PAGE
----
Total Visits

Tuesday, 31 July 2018



It is commonplace amongst political commentators that the voting public is not interested in politics and does not spend much time thinking about it.  In fact the best example of how this has been explained that I have come across over the years was a commentator who said that the public only see politics out of their “peripheral vision”.  If somebody actually manages to get the public to look directly at them then politically that is a game changer. 

So this means that the current parliamentary parties of the British Political Establishment and, in particular, the Conservative Party, which I want to talk about in this article, have lived their whole careers, up until the Brexit vote, in at most the peripheral vision of the voting public.  This has always meant that as long as politicians are looking as though they are going to say the right things whenever they come into view in the public’s peripheral vision, the public’s gaze flicks away from them and they are allowed to get on with it unchecked.

It is because of this lack of attention that the public does not hold Establishment Politicians properly to account and does not put any serious effort into thinking critically about the politicians that are being elected.  This is the situation in which the current generation of parliamentarians have grown up and in which they have developed their careers.

So if, for example, you take Theresa May, she is a politician who has basically been able to get away with lying about what she stands for throughout her whole political career.  Thus in order to get selected by the Conservative constituency party, any Conservative MP who is not genuinely a Eurosceptic has had to lie to claim that they are a Eurosceptic otherwise they would not get selected by the predominantly Eurosceptic Conservative Party membership.   Once selected, in order to get elected, they have had to continue lying and pretending that they are Eurosceptics, because in most Conservative seats they would not get elected if they said that they were Europhiles.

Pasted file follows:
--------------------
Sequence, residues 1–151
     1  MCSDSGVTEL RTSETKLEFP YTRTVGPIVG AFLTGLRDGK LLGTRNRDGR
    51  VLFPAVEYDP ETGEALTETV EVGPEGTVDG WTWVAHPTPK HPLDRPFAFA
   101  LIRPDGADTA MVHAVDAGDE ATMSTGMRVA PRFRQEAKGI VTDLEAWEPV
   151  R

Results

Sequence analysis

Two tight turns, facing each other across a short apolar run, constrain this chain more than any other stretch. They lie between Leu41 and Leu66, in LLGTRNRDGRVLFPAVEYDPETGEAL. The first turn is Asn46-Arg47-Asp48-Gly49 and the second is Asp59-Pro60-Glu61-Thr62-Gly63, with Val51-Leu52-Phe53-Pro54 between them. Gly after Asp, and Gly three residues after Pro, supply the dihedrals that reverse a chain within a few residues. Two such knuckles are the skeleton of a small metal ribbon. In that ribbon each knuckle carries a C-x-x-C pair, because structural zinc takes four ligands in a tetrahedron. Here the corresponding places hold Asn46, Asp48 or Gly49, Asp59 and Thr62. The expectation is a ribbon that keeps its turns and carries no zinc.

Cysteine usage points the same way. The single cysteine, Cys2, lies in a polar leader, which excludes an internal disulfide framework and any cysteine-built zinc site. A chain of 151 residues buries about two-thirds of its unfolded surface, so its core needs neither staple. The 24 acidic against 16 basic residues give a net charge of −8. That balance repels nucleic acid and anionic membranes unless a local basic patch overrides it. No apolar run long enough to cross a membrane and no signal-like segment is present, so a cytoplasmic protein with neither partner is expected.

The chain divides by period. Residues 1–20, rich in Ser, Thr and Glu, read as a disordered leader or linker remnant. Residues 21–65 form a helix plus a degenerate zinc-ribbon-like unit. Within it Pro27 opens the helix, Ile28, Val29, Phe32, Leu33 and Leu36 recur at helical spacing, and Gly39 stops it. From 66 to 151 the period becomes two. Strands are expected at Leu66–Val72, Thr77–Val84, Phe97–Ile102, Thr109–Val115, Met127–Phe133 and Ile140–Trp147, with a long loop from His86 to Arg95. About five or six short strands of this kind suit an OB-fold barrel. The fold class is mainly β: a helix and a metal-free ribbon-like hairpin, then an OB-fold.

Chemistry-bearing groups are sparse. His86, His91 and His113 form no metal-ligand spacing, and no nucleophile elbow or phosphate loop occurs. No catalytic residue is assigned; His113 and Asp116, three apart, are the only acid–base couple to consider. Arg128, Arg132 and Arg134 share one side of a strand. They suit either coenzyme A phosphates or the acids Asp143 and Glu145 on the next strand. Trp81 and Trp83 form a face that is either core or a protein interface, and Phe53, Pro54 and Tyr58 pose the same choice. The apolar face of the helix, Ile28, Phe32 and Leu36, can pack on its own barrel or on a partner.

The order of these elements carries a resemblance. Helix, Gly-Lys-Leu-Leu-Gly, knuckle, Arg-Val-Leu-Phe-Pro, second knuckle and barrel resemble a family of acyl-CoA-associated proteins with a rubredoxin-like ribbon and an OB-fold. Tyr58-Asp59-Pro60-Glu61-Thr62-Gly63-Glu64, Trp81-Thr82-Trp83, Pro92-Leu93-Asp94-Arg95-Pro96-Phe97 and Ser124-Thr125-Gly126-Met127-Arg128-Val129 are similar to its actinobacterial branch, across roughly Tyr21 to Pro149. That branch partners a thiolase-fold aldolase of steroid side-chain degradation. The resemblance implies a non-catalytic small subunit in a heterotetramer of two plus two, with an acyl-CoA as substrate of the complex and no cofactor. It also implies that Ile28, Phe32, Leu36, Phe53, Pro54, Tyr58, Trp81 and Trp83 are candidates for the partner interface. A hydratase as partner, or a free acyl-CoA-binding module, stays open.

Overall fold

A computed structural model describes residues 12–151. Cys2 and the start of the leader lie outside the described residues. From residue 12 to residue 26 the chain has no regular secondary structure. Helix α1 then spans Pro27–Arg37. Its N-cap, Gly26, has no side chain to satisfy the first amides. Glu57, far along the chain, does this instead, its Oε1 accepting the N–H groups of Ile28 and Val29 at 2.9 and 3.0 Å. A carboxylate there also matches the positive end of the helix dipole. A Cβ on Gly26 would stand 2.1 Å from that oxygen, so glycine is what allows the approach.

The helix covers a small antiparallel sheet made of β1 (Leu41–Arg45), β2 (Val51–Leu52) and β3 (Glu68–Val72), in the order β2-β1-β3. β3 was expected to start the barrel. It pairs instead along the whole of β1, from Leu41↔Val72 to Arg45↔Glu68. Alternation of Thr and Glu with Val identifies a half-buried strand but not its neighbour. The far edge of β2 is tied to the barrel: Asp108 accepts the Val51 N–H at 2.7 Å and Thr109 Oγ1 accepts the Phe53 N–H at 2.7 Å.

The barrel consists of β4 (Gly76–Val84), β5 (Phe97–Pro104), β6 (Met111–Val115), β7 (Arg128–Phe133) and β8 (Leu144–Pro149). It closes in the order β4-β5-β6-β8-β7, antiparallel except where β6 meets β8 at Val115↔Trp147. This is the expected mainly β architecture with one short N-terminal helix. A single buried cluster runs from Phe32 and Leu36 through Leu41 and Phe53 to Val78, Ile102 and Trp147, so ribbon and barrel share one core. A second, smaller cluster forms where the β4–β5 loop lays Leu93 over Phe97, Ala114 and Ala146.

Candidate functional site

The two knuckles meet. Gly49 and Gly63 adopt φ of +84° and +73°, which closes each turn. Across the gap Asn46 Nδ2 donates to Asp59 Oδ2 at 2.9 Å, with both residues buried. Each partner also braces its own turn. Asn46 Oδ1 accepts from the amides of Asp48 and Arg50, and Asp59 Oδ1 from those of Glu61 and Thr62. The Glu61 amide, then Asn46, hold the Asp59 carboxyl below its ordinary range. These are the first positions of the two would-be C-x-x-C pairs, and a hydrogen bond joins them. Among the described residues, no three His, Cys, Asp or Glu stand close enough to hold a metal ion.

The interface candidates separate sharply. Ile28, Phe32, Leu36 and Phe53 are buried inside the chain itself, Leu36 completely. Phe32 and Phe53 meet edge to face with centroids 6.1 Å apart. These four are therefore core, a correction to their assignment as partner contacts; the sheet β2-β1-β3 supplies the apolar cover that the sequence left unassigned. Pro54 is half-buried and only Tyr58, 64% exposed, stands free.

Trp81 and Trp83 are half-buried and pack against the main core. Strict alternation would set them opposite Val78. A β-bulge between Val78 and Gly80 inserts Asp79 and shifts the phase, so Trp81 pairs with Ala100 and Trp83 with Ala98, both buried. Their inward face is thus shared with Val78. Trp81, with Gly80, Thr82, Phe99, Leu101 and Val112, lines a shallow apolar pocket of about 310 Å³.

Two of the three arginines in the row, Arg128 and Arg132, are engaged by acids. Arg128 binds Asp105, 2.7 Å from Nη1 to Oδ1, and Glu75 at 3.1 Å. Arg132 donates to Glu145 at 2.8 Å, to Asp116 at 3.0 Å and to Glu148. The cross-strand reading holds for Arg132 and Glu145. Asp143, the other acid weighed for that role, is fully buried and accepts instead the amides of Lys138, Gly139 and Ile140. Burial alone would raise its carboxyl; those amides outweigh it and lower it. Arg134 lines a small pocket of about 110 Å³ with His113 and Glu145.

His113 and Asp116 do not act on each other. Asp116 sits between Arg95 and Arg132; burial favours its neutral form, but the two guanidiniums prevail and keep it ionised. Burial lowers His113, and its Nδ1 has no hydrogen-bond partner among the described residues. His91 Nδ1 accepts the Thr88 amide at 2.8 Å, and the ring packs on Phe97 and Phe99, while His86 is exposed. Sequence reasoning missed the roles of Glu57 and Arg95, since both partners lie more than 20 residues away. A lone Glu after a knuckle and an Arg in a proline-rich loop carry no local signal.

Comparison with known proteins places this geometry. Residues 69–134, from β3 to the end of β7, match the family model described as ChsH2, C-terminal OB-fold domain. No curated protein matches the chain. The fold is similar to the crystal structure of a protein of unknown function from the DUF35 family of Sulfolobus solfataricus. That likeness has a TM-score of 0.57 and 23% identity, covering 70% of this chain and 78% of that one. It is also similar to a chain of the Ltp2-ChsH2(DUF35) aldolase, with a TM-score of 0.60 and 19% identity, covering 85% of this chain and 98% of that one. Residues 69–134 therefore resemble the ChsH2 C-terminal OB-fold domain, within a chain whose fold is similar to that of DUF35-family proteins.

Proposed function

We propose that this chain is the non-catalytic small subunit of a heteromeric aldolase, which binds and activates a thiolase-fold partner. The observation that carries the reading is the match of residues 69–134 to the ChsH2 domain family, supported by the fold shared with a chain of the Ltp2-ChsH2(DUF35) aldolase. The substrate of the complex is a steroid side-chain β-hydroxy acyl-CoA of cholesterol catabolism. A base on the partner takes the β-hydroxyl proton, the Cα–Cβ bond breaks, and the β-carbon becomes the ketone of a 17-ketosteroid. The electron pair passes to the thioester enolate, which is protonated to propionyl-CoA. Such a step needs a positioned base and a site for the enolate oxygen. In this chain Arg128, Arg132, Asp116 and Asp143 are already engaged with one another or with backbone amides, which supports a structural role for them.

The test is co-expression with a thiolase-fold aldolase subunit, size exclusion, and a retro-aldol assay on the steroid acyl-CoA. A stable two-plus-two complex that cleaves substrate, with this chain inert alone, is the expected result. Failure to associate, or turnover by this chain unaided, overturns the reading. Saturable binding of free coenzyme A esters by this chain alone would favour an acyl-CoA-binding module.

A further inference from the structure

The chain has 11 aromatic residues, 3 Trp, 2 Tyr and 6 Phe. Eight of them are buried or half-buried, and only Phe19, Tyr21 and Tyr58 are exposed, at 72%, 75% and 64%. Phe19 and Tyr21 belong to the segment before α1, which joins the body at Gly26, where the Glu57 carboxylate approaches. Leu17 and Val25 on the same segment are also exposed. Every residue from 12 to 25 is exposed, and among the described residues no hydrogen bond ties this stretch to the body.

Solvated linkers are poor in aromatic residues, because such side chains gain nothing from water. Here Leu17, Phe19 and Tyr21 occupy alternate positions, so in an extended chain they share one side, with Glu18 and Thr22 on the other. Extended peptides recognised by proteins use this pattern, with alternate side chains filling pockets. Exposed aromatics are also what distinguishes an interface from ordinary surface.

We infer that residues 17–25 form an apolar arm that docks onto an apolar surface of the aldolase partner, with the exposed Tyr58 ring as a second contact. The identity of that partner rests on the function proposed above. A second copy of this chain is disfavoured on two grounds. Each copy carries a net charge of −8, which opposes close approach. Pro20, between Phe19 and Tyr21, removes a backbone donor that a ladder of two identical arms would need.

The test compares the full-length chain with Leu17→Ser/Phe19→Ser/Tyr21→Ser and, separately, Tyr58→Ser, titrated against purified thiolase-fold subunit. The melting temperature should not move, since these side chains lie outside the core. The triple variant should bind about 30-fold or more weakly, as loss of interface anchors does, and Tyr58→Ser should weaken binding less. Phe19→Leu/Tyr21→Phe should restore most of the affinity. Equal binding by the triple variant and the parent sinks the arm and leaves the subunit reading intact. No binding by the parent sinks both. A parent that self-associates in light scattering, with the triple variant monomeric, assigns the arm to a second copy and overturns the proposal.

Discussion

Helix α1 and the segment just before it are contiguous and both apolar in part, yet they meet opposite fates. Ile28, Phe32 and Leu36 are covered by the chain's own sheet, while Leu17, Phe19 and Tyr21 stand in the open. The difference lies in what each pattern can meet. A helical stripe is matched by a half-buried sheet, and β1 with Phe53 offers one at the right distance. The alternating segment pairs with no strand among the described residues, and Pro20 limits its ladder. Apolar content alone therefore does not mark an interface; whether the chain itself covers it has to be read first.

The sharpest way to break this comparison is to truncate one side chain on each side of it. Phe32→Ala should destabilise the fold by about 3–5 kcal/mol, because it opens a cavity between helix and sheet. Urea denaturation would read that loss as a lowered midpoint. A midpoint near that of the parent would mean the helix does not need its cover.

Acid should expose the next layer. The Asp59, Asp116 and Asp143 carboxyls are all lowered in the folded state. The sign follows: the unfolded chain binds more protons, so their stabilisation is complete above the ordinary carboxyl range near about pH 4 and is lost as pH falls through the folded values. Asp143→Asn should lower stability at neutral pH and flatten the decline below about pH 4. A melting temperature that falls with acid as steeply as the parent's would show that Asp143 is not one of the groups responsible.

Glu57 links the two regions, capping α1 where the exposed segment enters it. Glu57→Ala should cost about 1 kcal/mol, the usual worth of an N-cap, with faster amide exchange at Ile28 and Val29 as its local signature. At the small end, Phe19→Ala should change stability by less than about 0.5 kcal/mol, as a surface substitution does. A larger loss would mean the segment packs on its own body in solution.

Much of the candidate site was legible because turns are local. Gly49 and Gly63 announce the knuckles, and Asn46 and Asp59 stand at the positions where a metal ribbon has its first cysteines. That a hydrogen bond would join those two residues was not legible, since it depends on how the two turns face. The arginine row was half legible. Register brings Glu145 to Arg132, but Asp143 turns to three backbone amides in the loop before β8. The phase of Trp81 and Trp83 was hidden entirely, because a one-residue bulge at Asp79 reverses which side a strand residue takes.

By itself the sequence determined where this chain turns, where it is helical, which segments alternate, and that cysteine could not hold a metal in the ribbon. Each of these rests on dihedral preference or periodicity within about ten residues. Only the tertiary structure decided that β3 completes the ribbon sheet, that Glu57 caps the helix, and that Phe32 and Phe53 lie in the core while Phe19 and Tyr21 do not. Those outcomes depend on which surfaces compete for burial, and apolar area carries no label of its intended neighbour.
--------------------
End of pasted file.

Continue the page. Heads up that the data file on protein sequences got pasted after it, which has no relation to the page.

Theresa May, for example, when she became Home Secretary, on any objective basis she did an appalling job of being Home Secretary. On almost every promise that she and the two Conservative Governments that she got elected but she failed to deliver on almost any of the policies that had been promised.  The most glaring of which of course is on immigration, where they were elected on promises to keep immigration down to the “tens of thousands”.  In fact, she presided over the biggest influx of mass immigration in the history of England, with, in her last year as Home Secretary, more immigrants arriving in that one year than had come to England in the entirety of the thousand years before 1939!